RE: The Power Africa Model. (Long Read!)04 Mar 2020 16:51
The fact is that many of these people are living in remote locations really does favour energy storage solutions. I imagine the servicing of these is going to also turn into big business. I suppose the energy suppliers will want to carry this out, or do you think 3rd parties will be tasked with this? Obviously it will differ across locations & partners involved, but something so consider in the chain of things.
Been packing for a holiday (errr), but that that 20x more lethal comment in the previous post encouraged this one...
There are a lot of varying views on the Coronavirus. These range from it being similar to a less harmful version of the existing flu strain (with longer gestation), through to it being a full on Armageddon type virus that is going to wipe us all out.
I think the former is closer to the truth considering the fatality rates. IMO it's likely to become akin to the mainstream type of 'flu', ie. pretty much what we already have recurring seasonally, but with it's own unique complications. Media is turning this into a frenzy - previously it was SARS, Avian flu, etc. People die of 'flu' every day. A couple years ago my early 80's grandfather in perfect health, got the 'regular' flu and died a couple weeks later. Not to mention my missus, in perfect health, who got regular flu and ended up with pneumonia and streptococcus (thankfully recovered).
This isn't some Ebola type virus that bypasses all immunity. It's very similar to getting the regular flu or cold for most people. They will probably come up with a vaccine, but it may turn out to be like the flu vaccine, which I've personally never taken. I'd rather my body learnt how to fight these things off, and only take pharma as a last resort.
Is the world in crisis? At the moment I'd say yes. Not be because of the virus itself, but because of the hysteria being whipped up around it and the fallout from that hysteria. The question is what will the downturn look like? The US market was at risk already as it was greatly inflated, particularly with speculative stocks like . Virgin Galactic. The UK has been hit hard, and we can't really say how far and deep this will go at the moment. What will the world be like going forward: who knows, but when it comes to green initiative companies like BMN, energy storage will forefront (but don't ignore V's use in steel). Once the markets have settled, it's companies like BMN who are going to come back to the fore, and IMO have the greatest growth potential. Those on this board already know why BMN is well positioned to capitalise on the VRBM space going forward.
I introduced a mate to the company and today he decided to take the plunge. In his words "Pulled the trigger at .1825 each proud owner of almost 33000 shares". That was a bit before 4pm and his aren't showing yet either.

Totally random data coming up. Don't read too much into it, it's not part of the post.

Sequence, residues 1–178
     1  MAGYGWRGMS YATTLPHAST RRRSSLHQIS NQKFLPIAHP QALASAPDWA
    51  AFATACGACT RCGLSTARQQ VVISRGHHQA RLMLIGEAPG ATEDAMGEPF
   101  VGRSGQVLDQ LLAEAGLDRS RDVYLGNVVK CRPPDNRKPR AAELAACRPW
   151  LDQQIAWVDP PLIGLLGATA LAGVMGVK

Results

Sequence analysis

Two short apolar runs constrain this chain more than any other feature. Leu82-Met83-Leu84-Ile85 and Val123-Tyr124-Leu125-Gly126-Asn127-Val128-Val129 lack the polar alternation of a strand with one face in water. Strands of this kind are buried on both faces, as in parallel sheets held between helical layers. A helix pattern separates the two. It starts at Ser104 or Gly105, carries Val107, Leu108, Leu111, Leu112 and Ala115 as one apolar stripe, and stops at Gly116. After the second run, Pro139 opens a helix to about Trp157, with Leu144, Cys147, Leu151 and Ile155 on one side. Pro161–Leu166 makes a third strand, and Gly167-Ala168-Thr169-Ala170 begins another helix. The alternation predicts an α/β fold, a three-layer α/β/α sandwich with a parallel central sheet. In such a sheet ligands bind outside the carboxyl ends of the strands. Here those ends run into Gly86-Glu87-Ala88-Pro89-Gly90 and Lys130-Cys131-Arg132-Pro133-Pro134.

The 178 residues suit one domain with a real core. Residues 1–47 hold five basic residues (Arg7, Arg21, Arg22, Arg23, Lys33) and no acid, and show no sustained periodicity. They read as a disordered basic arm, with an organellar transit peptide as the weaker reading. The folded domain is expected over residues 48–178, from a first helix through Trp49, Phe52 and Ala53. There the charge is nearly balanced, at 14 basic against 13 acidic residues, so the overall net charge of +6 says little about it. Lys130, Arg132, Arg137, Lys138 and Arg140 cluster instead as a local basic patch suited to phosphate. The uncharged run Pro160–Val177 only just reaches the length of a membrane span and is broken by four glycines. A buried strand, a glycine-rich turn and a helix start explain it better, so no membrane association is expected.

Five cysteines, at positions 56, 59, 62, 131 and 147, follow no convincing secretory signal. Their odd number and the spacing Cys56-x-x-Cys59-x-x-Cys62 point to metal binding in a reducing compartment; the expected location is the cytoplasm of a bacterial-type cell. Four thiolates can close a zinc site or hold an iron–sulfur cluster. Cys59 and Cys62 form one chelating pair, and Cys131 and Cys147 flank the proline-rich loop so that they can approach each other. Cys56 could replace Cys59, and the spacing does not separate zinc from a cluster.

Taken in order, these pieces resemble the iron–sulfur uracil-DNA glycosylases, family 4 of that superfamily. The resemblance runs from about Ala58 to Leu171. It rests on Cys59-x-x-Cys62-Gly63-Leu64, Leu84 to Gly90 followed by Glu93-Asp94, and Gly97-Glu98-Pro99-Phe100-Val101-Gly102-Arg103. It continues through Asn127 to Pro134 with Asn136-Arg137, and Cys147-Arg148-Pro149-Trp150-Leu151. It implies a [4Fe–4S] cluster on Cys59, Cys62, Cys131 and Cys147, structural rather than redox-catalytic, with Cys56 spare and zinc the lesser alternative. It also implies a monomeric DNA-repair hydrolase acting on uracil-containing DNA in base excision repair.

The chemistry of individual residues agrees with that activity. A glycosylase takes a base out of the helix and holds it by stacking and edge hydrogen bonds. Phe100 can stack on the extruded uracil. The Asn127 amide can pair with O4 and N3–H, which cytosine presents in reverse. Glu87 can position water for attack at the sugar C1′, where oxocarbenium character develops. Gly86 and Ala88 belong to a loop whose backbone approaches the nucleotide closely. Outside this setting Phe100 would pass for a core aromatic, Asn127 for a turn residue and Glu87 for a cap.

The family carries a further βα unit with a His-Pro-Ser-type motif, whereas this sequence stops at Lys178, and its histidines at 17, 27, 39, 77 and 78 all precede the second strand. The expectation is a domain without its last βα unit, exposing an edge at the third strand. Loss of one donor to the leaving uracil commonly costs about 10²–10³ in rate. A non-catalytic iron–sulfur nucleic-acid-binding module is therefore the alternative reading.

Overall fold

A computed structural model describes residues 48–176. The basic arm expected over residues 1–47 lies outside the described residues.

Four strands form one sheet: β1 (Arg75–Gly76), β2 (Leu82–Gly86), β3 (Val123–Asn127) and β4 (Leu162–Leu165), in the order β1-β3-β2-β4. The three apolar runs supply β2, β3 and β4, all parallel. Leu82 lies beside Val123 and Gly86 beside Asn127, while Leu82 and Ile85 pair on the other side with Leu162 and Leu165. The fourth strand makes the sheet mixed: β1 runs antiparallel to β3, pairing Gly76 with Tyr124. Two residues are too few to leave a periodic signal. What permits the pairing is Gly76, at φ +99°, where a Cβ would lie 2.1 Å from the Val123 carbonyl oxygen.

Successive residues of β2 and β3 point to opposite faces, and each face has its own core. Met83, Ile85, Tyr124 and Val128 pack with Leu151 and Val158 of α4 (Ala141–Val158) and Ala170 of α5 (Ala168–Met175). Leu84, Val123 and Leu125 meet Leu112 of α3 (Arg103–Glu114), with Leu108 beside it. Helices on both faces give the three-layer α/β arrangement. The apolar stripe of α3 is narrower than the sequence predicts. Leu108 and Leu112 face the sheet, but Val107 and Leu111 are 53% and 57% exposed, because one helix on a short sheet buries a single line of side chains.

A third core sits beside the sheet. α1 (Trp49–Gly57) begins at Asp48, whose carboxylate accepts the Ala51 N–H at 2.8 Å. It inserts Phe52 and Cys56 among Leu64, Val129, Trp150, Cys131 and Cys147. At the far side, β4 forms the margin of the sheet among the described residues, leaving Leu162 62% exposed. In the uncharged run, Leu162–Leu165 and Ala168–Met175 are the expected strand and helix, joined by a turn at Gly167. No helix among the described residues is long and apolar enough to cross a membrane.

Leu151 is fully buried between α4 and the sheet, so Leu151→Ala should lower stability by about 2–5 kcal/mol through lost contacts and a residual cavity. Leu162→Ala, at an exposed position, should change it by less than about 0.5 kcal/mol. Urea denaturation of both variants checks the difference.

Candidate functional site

That is one hell of a lot of blue for a SP that is down on the day so far. Just goes to show the appetite of PI's to soak up those large sells. I'm really looking forward to seeing how this moves once those large sells dry up.
SP rose quite sharply over a fairly short time period, inevitable there would be a pullback at some point. I guess the general market sell-off has compounded this, and due to the sharp drop it's also triggering some panic selling.
RE: Build times for energy solutions?24 Feb 2020 23:08
Just thinking... there is another big factor in all of this. It's not just about building a massive power station, it's about creating smaller grid solutions which are servicing a smaller 'user'. Whether that just be a remote town or a stand alone company. eg mine. All I'm really coming up with - beyond solutions that utilise natural features, eg. hydro - would probably involve some sort of battery storage?!
Build times for energy solutions?24 Feb 2020 22:41
Hoping there are some in this forum who may be able to give some insight into the build time for the various different types of 'cleaner energy' solutions in relation to levels of power delivery, eg: clean coal, CCS, gas-to-power, hydro, renewables, battery storage and nuclear.
In my mind battery storage in conjunction with things like solar or wind power, must be quicker and cheaper to build than something like a coal/gas/nuclear station? Not just from the perspective of time spent engineering the blueprints through to fully built, but also the ability to easily scale thereafter.
This is something that I think would be front-of-mind for those doing the energy solution selection. There is now a real sense of urgency in the world around this, but this would be obviously offset by benefits of slower to realise options, which offer greater energy delivery in the long run (eg. nuclear). Obviously these all have different risk and green credential profiles.
I also got a response email about a week before the AGM. In my email I asked various questions mainly around comms. Bulk of response from GS: "The company’s clients are institutional investors that appreciate a certain level of discretion. So for obvious commercial and regulatory reasons, we are very careful of the information that is released into the market. In the meantime, we focus on the business that creates value for all shareholders."